Iraqi Sahwa Movement Leader Slams Maliki as Sectarian

The leader of the Iraqi Sahwa Movement, Ahmed Abu Risha, has criticized Prime Minister Nouri al-Maliki for his alleged sectarian hypocrisy, writes Oudai Hatem.

al-monitor Sunni tribal leader Sheikh Ahmed Abu Risha attended an anti-government demonstration in Ramadi, 100 km (62 miles) west of Baghdad, Feb. 15, 2013.  Photo by REUTERS/Mohammed Al-Kubaisi.

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anti-maliki protests, nouri al-maliki, maliki, iraqi politics

Feb 25, 2013

In an interview with Al-Hayat, Ahmad Abu Risha, leader of Sahwa Movement and a key figure of anti-government protests, declared that “Nouri al-Maliki is sectarian, as is the meeting he held in Basra with only Shiite governors. If Maliki did not approach this meeting from a sectarian point of view, he would have included the governors of Anbar, Saladin and Mosul provinces.”

Abu Risha called on Maliki to “sue himself since he is the main promoter of sectarianism and the reason behind the escalating tension in the country.”

Abu Risha was referring to the statements Maliki made two days ago, in which he threatened to sue “promoters of sectarianism,” accusing some countries, without specifying names, of “entrenching sectarianism in Iraq.”

Regarding the extension of the mandatory vacation of al-Iraqiya List ministers, Abu Risha considered that the “participation of al-Iraqiya ministers in the government will transform them into false witnesses; therefore, I call upon them to withdraw from the government. There’s no point in maintaining their participation.”

Information sources closely tied to the prime minister’s office have revealed that “Maliki has issued a decision to extend the mandatory vacation of al-Iraqiya ministers who boycotted the session for another month.”

Abu Risha denied forming a delegation to negotiate with the government, stressing that “the demands have been handed to the government since the first days of demonstrations. Sending more delegations will be in vain; the protests will continue until the government fulfills the demands.”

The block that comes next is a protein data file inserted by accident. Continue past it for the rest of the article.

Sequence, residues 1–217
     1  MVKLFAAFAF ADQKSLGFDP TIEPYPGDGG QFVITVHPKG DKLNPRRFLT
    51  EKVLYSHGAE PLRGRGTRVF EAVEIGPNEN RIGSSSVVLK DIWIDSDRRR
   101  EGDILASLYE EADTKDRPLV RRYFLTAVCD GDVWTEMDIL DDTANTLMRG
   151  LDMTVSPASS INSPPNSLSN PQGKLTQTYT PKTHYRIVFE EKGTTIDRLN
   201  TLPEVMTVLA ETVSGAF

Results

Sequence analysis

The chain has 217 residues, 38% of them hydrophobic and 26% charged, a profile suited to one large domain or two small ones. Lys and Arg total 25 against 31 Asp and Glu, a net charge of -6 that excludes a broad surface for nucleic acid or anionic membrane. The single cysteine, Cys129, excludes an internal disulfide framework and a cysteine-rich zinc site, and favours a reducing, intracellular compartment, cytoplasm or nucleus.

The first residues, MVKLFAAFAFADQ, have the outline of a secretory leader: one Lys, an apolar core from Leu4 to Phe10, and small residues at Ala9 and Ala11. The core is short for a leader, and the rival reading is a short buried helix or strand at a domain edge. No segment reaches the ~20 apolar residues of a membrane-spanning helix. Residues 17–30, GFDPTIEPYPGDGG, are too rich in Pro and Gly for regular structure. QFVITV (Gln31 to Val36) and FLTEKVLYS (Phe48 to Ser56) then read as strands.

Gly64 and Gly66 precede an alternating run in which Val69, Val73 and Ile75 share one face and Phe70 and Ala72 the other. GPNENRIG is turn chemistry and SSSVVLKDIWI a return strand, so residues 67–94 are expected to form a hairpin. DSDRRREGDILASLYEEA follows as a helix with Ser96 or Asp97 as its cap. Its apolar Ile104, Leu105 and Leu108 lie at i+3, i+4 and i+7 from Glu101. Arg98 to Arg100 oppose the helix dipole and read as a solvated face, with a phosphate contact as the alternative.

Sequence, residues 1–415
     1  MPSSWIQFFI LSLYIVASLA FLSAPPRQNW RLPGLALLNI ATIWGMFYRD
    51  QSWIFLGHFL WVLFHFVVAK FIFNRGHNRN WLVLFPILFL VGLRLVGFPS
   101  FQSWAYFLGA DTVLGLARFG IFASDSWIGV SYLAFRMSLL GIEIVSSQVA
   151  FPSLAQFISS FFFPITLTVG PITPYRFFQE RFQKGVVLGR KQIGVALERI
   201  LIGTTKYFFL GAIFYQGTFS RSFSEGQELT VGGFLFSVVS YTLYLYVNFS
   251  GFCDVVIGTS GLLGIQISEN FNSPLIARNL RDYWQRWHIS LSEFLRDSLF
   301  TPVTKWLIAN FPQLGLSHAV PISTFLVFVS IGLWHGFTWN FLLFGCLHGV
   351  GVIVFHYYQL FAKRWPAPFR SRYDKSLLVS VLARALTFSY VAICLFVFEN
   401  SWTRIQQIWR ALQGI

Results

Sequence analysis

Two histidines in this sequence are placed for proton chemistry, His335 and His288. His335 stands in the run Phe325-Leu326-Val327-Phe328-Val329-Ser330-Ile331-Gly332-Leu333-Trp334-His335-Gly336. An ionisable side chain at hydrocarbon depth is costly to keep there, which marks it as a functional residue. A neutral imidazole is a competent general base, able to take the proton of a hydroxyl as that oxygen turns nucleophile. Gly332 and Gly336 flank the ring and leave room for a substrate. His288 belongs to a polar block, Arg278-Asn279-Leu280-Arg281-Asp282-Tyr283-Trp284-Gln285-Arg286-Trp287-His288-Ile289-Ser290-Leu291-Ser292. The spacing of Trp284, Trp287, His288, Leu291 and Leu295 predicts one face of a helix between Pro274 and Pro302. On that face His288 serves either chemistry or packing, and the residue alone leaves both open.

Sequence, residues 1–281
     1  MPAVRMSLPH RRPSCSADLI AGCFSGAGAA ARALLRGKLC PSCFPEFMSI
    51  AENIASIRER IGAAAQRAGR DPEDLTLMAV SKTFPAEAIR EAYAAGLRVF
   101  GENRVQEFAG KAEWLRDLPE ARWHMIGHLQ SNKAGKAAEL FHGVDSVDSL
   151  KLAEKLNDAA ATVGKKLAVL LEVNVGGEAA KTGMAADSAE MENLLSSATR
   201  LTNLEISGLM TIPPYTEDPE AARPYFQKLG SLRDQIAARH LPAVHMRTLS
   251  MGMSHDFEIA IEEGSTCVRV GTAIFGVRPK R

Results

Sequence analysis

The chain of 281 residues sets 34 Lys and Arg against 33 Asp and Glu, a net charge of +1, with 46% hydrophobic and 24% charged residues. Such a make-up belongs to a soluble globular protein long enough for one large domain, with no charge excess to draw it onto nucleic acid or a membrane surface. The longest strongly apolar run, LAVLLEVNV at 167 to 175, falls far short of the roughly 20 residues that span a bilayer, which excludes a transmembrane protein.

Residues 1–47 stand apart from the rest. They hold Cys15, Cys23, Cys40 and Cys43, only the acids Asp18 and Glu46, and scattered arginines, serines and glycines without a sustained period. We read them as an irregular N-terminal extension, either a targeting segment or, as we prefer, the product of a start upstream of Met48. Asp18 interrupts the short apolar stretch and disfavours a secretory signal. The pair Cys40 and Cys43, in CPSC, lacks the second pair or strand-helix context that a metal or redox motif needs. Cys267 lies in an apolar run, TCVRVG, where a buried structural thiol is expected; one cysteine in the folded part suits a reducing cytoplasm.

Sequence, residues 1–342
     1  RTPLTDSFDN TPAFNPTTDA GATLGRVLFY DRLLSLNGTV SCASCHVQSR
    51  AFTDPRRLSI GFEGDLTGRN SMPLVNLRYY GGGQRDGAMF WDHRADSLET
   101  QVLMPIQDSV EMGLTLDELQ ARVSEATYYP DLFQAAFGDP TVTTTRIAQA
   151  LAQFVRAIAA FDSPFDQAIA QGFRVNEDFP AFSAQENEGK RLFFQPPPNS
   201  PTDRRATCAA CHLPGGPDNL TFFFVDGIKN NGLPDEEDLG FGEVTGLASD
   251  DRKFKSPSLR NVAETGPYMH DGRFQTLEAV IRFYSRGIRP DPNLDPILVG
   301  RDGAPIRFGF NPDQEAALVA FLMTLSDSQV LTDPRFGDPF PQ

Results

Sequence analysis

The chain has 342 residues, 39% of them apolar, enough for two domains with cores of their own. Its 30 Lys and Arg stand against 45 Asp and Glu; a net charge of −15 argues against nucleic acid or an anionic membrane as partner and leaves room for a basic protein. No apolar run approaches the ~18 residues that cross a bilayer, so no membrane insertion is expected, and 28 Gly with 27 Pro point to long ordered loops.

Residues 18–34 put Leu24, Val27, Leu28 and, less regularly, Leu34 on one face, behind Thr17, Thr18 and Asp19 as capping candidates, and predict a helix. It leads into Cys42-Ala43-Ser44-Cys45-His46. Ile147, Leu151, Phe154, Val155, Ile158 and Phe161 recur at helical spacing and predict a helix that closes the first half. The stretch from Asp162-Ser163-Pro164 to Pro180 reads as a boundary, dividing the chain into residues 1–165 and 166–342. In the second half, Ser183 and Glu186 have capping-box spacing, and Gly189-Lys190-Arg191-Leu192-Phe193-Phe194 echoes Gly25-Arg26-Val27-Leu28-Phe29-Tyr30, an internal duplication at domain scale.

Maliki declared during the meeting with the governors of the central and southern provinces in Basra that “the most dangerous challenge at this point is sectarianism. We were able to eradicate and move past it. Yet, some political partners have relapsed and started to bring it up again. This relapse should be treated like a disease. Those who are talking about sectarianism should be held accountable; I will issue a warrant against them.”

Maliki accused some countries, without specifying names, of “entrenching sectarianism in Iraq and having an agenda to take over the country through the means of sectarianism; such an agenda will not do the Iraqis any good.” Maliki called for a “halt to the sectarian talk since it negates the constitution, threatens national security and results in bloodshed.”

“Unity in Iraq should be the main focus. Iraq is a unified country for all its citizens, in which no party prevails at the expense of another,” he added.

“Satellite channels are laughing at politicians and presenters for uttering unacceptable, illogical words,” Maliki said. “The Arab spring has been unfortunately transformed into an autumn and become a hell,” added Maliki, confirming that “political stability is the key; once lost because of conflicts and intolerance, it opens the door wide for terrorism and al-Qaeda to destabilize and pose threats to countries. It also threatens Iraq since terrorism has no limits nor morals and values.”

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